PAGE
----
As it's the highest mountain in England, and a mighty fine mountain too, it makes a lot of sense that many want to stand on its rocky summit and soak up the views.
On a clear, calm, summers day reaching the summit is pretty straightforward, but as Andy & Simon witnessed yesterday, those benign conditions can rapidly change and the landscape quickly becomes disorientating.
We set off from the Wasdale Head Inn and followed the Brown Tongue route to Hollow Stones. From here we decided to head for Mickledore, this allowed to us watch the rock climbers high up on Scafell crag. The ground on the approach to Mickledore is loose and makes for tiring progress, once in the gully it's possible to use hands to help with the ascent as the ground is still loose and requires care. Whilst we were in there a walker took a tumble, we were able to assist and ensure they made it safely through the gully.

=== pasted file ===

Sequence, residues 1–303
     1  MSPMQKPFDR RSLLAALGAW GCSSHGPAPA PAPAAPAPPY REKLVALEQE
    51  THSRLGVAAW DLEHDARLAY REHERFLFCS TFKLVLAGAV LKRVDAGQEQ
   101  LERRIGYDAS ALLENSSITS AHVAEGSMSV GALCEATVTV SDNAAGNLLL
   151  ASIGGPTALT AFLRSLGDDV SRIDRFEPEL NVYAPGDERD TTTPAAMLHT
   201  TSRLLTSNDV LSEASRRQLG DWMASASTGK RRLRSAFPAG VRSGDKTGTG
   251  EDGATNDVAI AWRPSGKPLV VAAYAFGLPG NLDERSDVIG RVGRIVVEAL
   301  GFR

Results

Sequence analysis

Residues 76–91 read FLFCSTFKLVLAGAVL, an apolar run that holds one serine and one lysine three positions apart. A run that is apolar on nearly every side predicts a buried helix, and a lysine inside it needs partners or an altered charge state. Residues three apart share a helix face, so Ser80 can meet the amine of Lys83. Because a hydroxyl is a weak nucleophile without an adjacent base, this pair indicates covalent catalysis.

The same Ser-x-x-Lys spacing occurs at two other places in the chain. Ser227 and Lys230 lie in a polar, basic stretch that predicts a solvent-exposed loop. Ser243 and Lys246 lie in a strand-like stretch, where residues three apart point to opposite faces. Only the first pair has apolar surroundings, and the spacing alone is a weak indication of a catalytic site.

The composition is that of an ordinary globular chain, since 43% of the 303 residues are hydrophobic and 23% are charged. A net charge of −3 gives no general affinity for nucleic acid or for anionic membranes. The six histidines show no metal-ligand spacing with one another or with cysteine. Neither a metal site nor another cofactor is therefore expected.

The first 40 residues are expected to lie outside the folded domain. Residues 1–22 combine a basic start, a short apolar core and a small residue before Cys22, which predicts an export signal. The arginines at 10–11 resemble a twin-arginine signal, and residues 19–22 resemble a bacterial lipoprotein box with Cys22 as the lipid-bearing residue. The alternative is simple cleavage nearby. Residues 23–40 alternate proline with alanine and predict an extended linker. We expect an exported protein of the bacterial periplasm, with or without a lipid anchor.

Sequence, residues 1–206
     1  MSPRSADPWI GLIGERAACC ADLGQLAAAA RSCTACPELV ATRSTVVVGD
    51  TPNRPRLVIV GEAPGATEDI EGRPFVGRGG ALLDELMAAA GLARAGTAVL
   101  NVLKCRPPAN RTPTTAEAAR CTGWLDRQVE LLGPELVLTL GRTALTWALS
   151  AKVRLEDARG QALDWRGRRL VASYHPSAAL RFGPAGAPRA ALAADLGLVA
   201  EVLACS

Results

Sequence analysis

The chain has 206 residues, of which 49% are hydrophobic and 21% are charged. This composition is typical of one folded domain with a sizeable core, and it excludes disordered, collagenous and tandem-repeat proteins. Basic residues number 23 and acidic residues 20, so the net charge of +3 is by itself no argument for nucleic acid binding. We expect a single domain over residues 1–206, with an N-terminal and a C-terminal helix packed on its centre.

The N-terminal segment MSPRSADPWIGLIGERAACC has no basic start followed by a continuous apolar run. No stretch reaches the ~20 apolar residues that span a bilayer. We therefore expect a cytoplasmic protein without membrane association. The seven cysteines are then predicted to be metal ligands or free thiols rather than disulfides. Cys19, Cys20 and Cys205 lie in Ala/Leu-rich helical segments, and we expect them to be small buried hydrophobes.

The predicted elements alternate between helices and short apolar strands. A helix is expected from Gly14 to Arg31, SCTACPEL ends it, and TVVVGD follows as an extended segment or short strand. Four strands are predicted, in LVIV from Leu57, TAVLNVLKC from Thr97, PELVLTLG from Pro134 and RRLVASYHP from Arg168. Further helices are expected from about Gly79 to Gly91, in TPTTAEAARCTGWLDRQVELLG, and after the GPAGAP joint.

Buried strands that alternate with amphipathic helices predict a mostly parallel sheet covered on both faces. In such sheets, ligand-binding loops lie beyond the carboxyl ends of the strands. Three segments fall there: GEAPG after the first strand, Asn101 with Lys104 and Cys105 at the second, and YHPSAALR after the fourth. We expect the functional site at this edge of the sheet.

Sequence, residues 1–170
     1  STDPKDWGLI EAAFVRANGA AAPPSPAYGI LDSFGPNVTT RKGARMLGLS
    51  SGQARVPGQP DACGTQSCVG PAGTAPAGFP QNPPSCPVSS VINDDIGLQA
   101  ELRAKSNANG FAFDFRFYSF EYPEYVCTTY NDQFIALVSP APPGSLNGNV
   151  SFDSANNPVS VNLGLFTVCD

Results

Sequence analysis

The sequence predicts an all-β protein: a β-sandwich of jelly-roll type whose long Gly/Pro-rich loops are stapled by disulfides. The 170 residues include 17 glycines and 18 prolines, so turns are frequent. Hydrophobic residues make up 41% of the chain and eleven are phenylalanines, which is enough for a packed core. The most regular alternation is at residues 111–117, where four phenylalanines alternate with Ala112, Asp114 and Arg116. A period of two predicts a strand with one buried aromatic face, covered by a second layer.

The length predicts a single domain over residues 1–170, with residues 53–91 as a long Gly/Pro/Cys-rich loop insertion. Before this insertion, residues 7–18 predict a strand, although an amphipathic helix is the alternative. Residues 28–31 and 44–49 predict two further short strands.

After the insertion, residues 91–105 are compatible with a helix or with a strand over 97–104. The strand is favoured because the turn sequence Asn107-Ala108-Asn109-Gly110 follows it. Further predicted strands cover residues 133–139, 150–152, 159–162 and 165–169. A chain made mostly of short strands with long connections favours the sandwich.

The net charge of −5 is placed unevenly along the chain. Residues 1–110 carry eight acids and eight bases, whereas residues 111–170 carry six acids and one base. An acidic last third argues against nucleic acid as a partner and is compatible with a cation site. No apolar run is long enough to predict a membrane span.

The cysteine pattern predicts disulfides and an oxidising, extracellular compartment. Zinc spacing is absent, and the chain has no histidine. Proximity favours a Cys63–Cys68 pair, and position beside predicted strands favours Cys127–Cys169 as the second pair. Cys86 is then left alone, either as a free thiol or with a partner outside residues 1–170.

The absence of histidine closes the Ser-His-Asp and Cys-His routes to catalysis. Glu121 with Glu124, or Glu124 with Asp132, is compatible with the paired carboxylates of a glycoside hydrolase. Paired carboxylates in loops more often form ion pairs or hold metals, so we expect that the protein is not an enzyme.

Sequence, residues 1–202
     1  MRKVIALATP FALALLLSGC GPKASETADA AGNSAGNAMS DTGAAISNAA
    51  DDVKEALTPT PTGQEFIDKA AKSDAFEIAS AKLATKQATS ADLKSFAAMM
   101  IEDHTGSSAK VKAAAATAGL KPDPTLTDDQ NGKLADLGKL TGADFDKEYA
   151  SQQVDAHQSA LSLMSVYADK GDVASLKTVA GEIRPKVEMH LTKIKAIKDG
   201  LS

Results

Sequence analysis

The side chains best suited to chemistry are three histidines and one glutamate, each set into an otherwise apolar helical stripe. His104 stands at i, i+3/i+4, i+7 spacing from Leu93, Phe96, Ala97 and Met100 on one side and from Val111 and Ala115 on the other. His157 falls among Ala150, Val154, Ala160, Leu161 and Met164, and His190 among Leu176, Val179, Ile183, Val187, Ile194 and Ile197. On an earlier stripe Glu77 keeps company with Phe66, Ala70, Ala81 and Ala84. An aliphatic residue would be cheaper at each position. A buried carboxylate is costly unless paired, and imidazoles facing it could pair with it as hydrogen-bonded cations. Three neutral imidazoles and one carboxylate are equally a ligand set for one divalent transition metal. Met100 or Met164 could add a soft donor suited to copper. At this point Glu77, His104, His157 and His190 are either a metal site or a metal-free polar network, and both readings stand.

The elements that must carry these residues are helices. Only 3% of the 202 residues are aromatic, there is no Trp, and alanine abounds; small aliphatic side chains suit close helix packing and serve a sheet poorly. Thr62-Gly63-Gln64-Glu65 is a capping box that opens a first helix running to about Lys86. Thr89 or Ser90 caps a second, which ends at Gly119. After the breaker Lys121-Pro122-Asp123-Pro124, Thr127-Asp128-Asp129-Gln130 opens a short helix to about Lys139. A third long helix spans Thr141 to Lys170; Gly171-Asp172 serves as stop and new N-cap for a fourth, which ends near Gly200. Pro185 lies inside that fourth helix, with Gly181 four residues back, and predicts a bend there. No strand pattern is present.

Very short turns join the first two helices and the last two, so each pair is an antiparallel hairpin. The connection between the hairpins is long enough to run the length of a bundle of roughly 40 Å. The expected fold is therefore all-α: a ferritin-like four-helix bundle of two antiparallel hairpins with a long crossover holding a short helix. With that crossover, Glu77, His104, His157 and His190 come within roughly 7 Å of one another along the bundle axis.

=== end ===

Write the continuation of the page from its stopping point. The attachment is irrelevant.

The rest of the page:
Once at Mickledore col, we rested and soaked up the extensive view over the Great Moss and into Eskdale. Soon cloud began to build and Scafell Crag disappeared as did the summit plateau of Scafell Pike. Even though I know the terrain up there vey well, I took the precaution of setting the compass and kept a close eye on the bearing as we progressed towards the summit. A number of other walkers had decided to follow us to the top as they didn't know where they were!
Andy & Simon didn't need to worry at all about that, rather they could enjoy the experience, safe in the knowledge that a local guide would take care of all the navigation on their behalf.
The summit remained shrouded in thick cloud and we had torrential rain for a while (this was quite pleasant). The distance rumble of thunder caused us to keep moving in case a storm should come our way.
Soon we were back out of the cloud, in warm sunshine and enjoying wonderful views of Wast Water. The thunder occasionally rumbled, but wasn't nearby and if anything was moving away from us, this allowed us to relax and take a steady pace back to the Wasdale valley, chatting about geology, farming, lakes, and flowers as we went.
Thanks Andy & Simon and good luck with Ben Nevis